Mark Steel: I’m frozen with fear – could Obama
still lose the election?
The Republicans have had the worst campaign possible. It should be all over
Wednesday, 29 October 2008
I’m still cacking myself. I know all the commentators are saying Obama’s already won but I find myself scouring the internet for reassuring polls, and there’ll be an article from Nevada quoting a truck driver that’s supporting McCain, and I’m like a hypochondriac that’s discovered a lump, frozen with fear and convinced this means the Republicans will win and reintroduce slavery and make it illegal for any creature to evolve.
Because it ought to be utterly totally wrapped up, as the Republicans have had the worst campaign that could ever be possible. The candidate looked like there couldn’t possibly be anyone in the country more idiotic, but he scoured the continent, found someone who was and made her his deputy. Then a disastrous economic crisis began weeks before the election while they’re in charge, then their own side started deserting to Obama, they’ve been caught spending half the economy on dresses, but they’re STILL only a few per cent behind.
McCain could announce he’d bomb Argentina for being too near the start of the alphabet, flash at Oprah Winfrey shouting “Hey Joe the plumber, there’s ONE waterworks that doesn’t need fixing” during the national anthem, reveal he was chairman of a company that’s been selling teddy bears that turn out to be stuffed with petrol-soaked semtex, and admit he didn’t go to Vietnam at all but spent the whole war in the bath. And the following day we’d hear that a string of gaffes had caused Obama’s lead to climb to SIX per cent.
So the next day McCain and Palin could go on Russell Brand’s radio show, ring Obama’s dying grandmother and yell,”We screwed your grandson” on her answer machine, and the day after the gap would be back to five per cent again.
At his rallies McCain looks demented, and one of his most stirring closing slogans is “As President I will put America first.” Then his supporters cheer, as if they’re thinking “Thank God he got THAT right.” As if there was a chance he might have said, “As President of America I will put New Zealand first. Bollocks to America, that place got me shot down in Vietnam.”
Now the Republicans appear to be at war with themselves, blaming each other for the disasters, and there must be a chance they’ll give up altogether, with McCain saying, “Oh sod it, I never wanted to be President anyway, as I want to be a lap dancer.” Then we’ll read he’s gone SEVEN per cent behind in the polls.
Even if you had no interest in politics, one glance at the two candidates should make it obvious who was more assured and competent. And if you have a slight interest in politics then you’ll notice that one candidate supported a disastrous war and the other one didn’t.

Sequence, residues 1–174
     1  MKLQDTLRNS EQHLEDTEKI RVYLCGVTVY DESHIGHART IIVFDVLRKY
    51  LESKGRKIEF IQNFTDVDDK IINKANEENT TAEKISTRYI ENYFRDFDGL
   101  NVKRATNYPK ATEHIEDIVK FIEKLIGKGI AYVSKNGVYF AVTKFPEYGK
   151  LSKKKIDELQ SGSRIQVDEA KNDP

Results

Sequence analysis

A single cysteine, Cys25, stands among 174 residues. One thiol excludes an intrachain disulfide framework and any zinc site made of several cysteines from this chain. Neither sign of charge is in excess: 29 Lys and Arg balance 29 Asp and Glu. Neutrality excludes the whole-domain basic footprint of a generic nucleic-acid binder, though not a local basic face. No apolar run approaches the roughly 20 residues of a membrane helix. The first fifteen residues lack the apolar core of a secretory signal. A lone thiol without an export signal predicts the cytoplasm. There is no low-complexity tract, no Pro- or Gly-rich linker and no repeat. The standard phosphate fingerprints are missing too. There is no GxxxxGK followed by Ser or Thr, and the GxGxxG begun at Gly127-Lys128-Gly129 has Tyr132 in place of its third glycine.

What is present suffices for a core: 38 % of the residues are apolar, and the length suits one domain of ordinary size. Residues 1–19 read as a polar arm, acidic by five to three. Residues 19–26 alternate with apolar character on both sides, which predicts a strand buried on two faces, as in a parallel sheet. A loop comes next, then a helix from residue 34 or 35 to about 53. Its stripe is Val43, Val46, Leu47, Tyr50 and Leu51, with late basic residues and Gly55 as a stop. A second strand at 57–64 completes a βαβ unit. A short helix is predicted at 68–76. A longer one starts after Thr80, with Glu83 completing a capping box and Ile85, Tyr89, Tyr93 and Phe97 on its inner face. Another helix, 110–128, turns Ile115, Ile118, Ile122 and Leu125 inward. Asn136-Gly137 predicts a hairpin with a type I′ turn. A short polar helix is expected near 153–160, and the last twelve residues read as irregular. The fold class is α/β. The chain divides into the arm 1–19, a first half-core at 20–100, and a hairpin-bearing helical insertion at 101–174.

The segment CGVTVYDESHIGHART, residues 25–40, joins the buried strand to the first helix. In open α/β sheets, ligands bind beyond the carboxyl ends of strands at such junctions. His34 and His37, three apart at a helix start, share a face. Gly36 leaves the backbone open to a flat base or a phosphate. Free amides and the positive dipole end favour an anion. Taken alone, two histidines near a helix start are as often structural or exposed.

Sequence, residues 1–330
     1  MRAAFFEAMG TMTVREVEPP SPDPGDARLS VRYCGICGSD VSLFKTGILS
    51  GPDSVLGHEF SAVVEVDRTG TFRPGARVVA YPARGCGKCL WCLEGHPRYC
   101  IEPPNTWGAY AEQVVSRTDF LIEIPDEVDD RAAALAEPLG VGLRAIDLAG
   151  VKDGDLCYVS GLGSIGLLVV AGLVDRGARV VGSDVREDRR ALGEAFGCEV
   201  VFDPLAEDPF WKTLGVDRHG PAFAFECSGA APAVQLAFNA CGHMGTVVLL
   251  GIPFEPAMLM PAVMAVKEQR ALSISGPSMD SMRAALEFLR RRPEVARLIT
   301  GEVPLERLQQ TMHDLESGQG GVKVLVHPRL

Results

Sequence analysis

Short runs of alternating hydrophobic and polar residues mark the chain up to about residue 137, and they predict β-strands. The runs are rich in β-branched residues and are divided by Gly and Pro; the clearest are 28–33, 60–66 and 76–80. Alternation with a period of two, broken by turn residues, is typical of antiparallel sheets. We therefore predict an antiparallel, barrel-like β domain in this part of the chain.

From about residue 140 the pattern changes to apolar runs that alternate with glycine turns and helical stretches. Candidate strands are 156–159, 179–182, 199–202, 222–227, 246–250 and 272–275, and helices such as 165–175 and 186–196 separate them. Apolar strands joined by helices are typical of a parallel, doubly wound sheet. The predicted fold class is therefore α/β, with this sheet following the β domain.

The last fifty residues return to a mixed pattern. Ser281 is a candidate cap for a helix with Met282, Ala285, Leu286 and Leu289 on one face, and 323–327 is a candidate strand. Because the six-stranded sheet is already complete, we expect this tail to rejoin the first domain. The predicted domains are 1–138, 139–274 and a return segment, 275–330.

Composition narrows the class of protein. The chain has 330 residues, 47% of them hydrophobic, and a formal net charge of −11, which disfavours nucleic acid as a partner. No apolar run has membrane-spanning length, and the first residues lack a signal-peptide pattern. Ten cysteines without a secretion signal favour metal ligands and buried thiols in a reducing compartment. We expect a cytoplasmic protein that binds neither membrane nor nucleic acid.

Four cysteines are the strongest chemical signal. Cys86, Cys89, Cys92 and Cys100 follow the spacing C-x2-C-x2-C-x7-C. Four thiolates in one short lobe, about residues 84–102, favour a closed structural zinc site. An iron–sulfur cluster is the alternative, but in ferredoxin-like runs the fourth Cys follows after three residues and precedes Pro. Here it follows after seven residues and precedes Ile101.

It’s as if someone on Strictly Come Dancing one week wet themselves mid-samba, then slipped in their own puddle, drop-kicking the judges and shorting out the electrics and then Bruce Forsyth said, “Well, it’s still very close who’s come last this week so keep those votes rolling in.”
One reason why it remains closer than it should be is obvious. Before the election’s over, there’ll be at least one Republican supporter on Fox News who’ll say, “I think that one of the areas in which McCain scores heavily over his opponent is he’s proved himself far more adept and capable, over the years, at being white. And for all Senator Obama’s flair and charisma this is a skill he clearly lacks.”
In one sense it may seem ridiculous to get over-excited about Obama. Far from promising anything radical, he’s friendly with the wealthiest section of Wall Street, suggests he’d bomb Pakistan, and has no desire to challenge the greed of corporate America. But society isn’t just propelled by the policies of leaders, it’s driven by the actions of millions. And Obama has come to represent the voice of those who wish America, and the world, to be more equal, less prone to crazy wars and closer to the values of civil rights. This isn’t just because he’s black, as this wouldn’t have been possible if the candidate was Colin Powell.
If it wasn’t for the civil rights campaign and the movement against the Iraq war, Obama’s campaign couldn’t have taken off. So for Obama to win would be an inspiration to all those who supported those values, and a humiliating defeat for all those who opposed them, even if Obama himself may well betray those ideas.
But if McCain wins, imagine how that will transform electioneering. In general elections around the world each candidate will strive to come over as more incompetent and idiotic than the other, starting party political broadcasts by announcing that they don’t believe in gravity, then accidentally setting fire to themselves and choosing Rita Fairclough from Coronation Street as their deputy before saying they didn’t realise that she wasn’t real.
See, there’s a lot at stake and I’m right to be worried.